‘Array is important for ISS, and SSP (Space Shuttle Program) has ability to use Shuttle arm to look at panels of interest for late inspection,’ added Doering.

UPDATE: Three of the four main sensors survived EVA-4.


The coincidence of Atlantis’ rollover today – while EVA-4 took place – has major parallels, with the successful repair to the array helping STS-122’s push towards a launch attempt inside the December 6-13 launch window. At present, NASA remains confident that Atlantis can remain on track.

‘Cautioned everyone against jumping to conclusions about STS-122 launch date,’ noted NASA HQ in a memo to the Shuttle Program. ‘Have a good team for both SSP and ISS, and can work through challenges. Have a lot ahead of us both on STS-120 and the stage between here and STS-122. Have a good chance of making December 6 launch date or sometime within that window.’

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‘Looked at preliminary stage timeline. Have robotic activities and three staged EVAs still to be accomplished prior to STS-122. Puts EVA 11 one week later than previously planned; however, this is preliminary. They’re scrubbing timeline to shorten it and meet December 6 launch date,’ added Mission Operations at JSC.

‘Will know more in next few days on stage timeline and implications to STS-122. Would be a day-to-day slip of December 6 launch.’

Atlantis herself has no major issues, with a smooth processing flow, in addition to the successful implementation to the stacking of the Solid Rocket Boosters and ET-125 inside the VAB – which was initially a constraint until NASA worked a mitigation plan.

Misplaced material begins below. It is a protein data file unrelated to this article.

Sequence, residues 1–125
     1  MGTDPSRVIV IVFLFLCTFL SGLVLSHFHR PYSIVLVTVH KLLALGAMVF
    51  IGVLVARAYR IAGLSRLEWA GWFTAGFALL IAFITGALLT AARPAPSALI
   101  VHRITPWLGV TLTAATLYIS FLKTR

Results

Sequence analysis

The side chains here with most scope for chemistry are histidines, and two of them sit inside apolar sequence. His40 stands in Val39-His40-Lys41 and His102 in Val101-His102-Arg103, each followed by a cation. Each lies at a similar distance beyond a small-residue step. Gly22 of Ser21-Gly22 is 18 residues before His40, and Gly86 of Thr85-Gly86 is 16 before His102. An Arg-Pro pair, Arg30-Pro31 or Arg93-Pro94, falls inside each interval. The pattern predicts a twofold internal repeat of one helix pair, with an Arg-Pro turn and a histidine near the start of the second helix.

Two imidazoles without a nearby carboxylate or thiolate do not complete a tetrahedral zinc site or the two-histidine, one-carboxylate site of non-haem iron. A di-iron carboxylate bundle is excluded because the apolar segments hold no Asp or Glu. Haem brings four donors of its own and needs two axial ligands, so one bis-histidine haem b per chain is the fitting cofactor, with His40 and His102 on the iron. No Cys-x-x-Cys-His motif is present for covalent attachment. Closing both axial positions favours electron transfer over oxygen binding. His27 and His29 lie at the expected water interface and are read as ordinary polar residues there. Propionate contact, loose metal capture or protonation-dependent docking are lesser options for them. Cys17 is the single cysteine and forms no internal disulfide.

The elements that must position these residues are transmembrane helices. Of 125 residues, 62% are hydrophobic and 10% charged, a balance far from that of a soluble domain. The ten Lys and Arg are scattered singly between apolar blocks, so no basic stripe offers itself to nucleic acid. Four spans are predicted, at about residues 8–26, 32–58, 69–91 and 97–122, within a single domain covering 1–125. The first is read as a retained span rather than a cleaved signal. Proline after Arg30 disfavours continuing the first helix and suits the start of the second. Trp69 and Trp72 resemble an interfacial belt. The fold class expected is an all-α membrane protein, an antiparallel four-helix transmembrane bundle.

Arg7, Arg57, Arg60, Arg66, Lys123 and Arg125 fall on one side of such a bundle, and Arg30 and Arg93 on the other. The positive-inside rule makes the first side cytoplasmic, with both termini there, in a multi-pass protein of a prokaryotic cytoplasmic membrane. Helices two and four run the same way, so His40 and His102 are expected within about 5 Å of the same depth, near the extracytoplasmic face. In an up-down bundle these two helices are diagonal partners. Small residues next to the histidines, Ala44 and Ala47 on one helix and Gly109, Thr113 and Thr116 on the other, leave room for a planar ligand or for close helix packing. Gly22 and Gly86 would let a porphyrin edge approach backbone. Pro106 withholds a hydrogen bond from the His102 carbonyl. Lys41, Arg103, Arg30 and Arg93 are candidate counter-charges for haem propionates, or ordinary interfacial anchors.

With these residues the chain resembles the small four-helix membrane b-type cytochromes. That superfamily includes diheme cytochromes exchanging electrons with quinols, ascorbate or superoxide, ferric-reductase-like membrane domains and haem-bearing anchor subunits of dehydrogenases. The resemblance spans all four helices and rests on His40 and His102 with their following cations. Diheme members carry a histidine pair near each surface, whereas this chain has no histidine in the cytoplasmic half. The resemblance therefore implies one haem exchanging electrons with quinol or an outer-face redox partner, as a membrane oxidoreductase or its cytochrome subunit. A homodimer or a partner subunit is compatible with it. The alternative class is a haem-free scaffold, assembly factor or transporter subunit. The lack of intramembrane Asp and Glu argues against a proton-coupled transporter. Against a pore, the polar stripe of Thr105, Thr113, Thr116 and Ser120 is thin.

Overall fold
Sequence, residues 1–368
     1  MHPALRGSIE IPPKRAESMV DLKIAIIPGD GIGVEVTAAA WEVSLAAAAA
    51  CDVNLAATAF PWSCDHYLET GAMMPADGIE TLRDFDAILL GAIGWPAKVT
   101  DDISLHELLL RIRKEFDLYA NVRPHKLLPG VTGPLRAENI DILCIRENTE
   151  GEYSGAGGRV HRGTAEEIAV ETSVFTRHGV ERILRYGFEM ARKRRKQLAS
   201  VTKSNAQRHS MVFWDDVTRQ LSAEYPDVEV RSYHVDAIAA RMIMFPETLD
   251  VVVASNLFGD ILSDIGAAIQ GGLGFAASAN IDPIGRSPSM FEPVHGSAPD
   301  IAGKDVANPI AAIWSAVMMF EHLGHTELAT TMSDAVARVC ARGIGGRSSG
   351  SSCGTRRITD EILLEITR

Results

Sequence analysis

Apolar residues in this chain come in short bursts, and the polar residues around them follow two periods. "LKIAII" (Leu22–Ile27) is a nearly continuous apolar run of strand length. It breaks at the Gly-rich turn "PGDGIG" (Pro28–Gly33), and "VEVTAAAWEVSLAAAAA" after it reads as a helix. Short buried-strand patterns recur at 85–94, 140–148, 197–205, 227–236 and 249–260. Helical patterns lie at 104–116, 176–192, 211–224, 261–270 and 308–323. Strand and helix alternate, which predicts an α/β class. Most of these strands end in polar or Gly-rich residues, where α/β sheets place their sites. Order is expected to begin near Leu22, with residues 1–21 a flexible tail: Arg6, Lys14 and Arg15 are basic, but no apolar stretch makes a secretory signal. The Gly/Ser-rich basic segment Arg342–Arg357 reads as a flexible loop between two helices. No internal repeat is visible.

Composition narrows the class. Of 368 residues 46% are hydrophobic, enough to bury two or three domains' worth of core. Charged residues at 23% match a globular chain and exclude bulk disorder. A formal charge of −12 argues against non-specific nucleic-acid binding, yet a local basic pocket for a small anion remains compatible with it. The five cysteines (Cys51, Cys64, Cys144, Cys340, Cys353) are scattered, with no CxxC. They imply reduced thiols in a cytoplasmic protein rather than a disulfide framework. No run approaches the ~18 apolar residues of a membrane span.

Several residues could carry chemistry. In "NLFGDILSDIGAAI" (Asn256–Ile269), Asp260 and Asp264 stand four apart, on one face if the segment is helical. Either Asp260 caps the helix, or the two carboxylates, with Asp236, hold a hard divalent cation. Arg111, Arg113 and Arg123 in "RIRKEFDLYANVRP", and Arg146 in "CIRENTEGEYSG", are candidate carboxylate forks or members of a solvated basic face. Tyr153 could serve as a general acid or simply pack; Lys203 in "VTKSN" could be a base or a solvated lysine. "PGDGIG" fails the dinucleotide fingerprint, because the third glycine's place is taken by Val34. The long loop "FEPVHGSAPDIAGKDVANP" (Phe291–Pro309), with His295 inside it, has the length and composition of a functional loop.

‘In position to rollout Orbiter Saturday morning. ET/SRB closeouts going well. Ready to pull platforms on Friday evening, allowing them to bring Orbiter over on Saturday morning,’ added processing information. ‘Weather isn’t cooperating this week, but have time to complete pad work and have integrated stack out. Working with payload folks to determine appropriate date to bring payload out.’

Prior to rollover, Atlantis had her RCC (reinforced carbon-carbon) panels scanned, a procedure that was called after the pre-launch deliberations that occurred with Discovery’s RCC panels.

A large PRCB (Program Requirements Control Board) meeting presentation found one area of interest, but deemed the results as holding the same ‘risks’ as was found with Discovery. This will likely make up part of the opening pre-FRR (Flight Readiness Review) meetings, which start next week.

Other items of interest relate to several presentations that resulted in a waiver for Main Propulsion System (MPS) LO2 prevalve CIL (Critical Items List) – relating to an increase of risk associated with a Critical Redundancy Separation Violation, after ‘surveillance inspection identified that two separate main power bundles were merged into a single wire bundle adjacent to Avionics Bay 5 (OV-103 & OV-104).’

Other items up for discussion include a problem with ordinance on STS-120’s SRBs, found during post flight inspections. This is still under review, but is not a constraint to mating.